Matthew 15:1-5

Mat 15:1 (KJB)
Then came to Jesus scribes and Pharisees, which were of Jerusalem, saying,

The Scribes and Pharisees had lived all over the area where Jesus was ministering but the group that came to Jesus were an official delegation from Jerusalem. Since Jesus was growing in popularity and reputation, this group was becoming concerned. They had hoped that Jesus would go to Jerusalem for the Passover but since He did not show up there, the delegation was sent from Jerusalem to meet with Him, or better yet to harass and hopefully ensnare Him in some matter of the law.

Mat 15:2 (KJB)
Why do thy disciples transgress the tradition of the elders? for they wash not their hands when they eat bread.

The Jews had followed both the written law of the Old Testament and an oral law known as “the tradition of the elders.” The oral tradition was regarded as the only valid interpretation of the divine law and was held to be equally authoritative as the written law. This oral tradition was compiled by Rabbi Judah the Prince in the second century A.D. In this verse the opponents of Jesus had questioned the conduct of the disciples. They would be in violation of the oral law if they failed to adhere to any aspect of it. The question here is concerning the washing of the hands which was a ceremonial aspect of the oral law. The Jews would pour cold water over their hands two times. The first washing cleansed the hands and the second pouring of the water rinsed off the first water which had become unclean. There is nothing written in the Hebrew Scriptures concerning this ceremonial washing of hands before each meal.

Mat 15:3 (KJB)
But he answered and said unto them, Why do ye also transgress the commandment of God by your tradition?

Jesus did not contend with them concerning the fact that the disciples did break the oral commandment by not washing their hands ceremonially. However, He responded to them with His own charge concerning their violation of the law of Moses which yielded more serious consequences. Jesus accused them of breaking the commandment of God by means of their own tradition. Man’s religious laws will always go against the law of God because man tries to place his laws above God’s laws and that is what the tradition of the Elders was all about.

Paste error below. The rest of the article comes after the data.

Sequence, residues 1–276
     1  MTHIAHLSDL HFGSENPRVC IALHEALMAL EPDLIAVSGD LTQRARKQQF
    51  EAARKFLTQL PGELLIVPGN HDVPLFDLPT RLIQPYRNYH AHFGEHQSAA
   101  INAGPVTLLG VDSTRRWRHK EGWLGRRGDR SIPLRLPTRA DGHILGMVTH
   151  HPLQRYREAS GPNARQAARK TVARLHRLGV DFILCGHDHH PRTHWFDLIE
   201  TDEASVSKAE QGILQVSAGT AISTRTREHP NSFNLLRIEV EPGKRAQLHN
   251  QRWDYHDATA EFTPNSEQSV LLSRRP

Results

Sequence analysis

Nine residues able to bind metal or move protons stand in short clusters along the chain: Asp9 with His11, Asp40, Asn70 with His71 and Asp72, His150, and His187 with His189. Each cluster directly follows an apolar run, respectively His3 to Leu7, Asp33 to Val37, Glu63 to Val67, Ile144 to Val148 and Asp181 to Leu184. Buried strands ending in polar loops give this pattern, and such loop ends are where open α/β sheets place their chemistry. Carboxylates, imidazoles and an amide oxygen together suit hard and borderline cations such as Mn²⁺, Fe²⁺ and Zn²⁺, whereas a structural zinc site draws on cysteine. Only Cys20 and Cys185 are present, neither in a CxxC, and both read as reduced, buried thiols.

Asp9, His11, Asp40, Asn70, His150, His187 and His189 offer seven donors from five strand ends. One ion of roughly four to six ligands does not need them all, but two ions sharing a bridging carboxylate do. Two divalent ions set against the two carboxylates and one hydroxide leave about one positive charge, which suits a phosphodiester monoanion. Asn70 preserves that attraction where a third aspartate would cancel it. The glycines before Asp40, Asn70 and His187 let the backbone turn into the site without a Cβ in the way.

Mat 15:4 (KJB)
For God commanded, saying, Honour thy father and mother: and, He that curseth father or mother, let him die the death.

Jesus then brings in the fifth commandment concerning honoring one’s mother and father. A child is not to just to obey and respect their parents but they are to go beyond that. They are to love them and physically care for them when they become old or to aid them if they hit hard times even before they reach old age. Those who fail to help their parents are showing their spiritual condition and if they refuse to help them and instead curse or speak evil of them, then they are to die the death. Those who do not help their parents are in essence showing that they despise them and not merely speaking it. What is in view concerning “the death” is the second death, that is, eternal damnation. That is how serious God takes His command for children to care for their parents.

Mat 15:5 (KJB)
But ye say, Whosoever shall say to his father or his mother, It is a gift, by whatsoever thou mightest be profited by me;

Jesus now contrasts the tradition of the elders with the word of God. The Pharisees and Scribes did just the opposite. What they allowed was a reduction in the authority of the fourth commandment concerning the Sabbath and any donations made on that day. If a child did not want to help his parents, he could circumvent the command by claiming that he is making a vow to consecrate his goods for the work of the temple. Their tradition had stated that one could pledge their goods to the temple and be absolved from responsibility to others. Of course, the Pharisees would not have a problem with this because they were becoming rich by people pledging their goods to the temple. This tradition was even worse than its theory. Children not only neglected their own parents but were able to abscond with the money for their own benefit. The temple vow allowed any funds or goods pledged to the temple, which otherwise would have gone to parents to be considered Corban. (Mark 7:11 KJV) But ye say, If a man shall say to his father or mother, It is Corban, that is to say, a gift, by whatsoever thou mightest be profited by me; he shall be free. The parents received nothing while the children retained the gift for their own.